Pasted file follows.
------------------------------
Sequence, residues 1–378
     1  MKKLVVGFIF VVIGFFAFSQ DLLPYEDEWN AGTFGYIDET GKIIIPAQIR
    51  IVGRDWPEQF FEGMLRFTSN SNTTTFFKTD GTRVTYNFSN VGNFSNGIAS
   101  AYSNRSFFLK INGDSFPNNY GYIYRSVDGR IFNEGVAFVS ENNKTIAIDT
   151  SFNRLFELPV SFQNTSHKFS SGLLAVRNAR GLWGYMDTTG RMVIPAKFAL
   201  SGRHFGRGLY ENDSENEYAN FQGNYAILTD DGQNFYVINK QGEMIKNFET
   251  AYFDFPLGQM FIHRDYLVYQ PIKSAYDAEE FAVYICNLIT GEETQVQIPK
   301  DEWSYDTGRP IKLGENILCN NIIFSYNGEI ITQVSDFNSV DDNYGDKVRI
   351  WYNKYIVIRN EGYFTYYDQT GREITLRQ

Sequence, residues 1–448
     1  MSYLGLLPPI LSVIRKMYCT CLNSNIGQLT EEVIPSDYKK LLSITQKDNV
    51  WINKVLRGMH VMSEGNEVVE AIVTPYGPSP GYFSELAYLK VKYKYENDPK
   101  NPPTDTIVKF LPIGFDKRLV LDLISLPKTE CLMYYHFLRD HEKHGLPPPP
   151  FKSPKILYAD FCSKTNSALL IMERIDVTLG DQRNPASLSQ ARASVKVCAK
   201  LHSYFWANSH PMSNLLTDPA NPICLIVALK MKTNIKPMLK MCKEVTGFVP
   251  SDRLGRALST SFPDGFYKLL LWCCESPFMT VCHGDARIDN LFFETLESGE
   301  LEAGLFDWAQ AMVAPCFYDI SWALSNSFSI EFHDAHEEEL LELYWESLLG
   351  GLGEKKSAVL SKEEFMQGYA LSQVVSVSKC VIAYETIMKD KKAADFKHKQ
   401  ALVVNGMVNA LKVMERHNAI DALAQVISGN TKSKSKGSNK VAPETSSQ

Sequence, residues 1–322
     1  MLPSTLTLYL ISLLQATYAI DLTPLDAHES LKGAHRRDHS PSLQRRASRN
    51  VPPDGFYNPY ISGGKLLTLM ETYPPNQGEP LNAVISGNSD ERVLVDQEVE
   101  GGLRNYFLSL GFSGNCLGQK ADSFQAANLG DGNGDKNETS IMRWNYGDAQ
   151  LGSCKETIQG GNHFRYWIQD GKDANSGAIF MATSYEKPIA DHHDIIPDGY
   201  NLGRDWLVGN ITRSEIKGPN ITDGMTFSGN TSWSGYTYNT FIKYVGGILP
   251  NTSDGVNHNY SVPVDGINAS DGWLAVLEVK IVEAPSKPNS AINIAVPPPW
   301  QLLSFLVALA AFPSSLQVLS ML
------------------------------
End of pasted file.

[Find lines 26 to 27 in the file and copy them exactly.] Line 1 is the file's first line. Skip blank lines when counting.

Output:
   251  NTSDGVNHNY SVPVDGINAS DGWLAVLEVK IVEAPSKPNS AINIAVPPPW
   301  QLLSFLVALA AFPSSLQVLS ML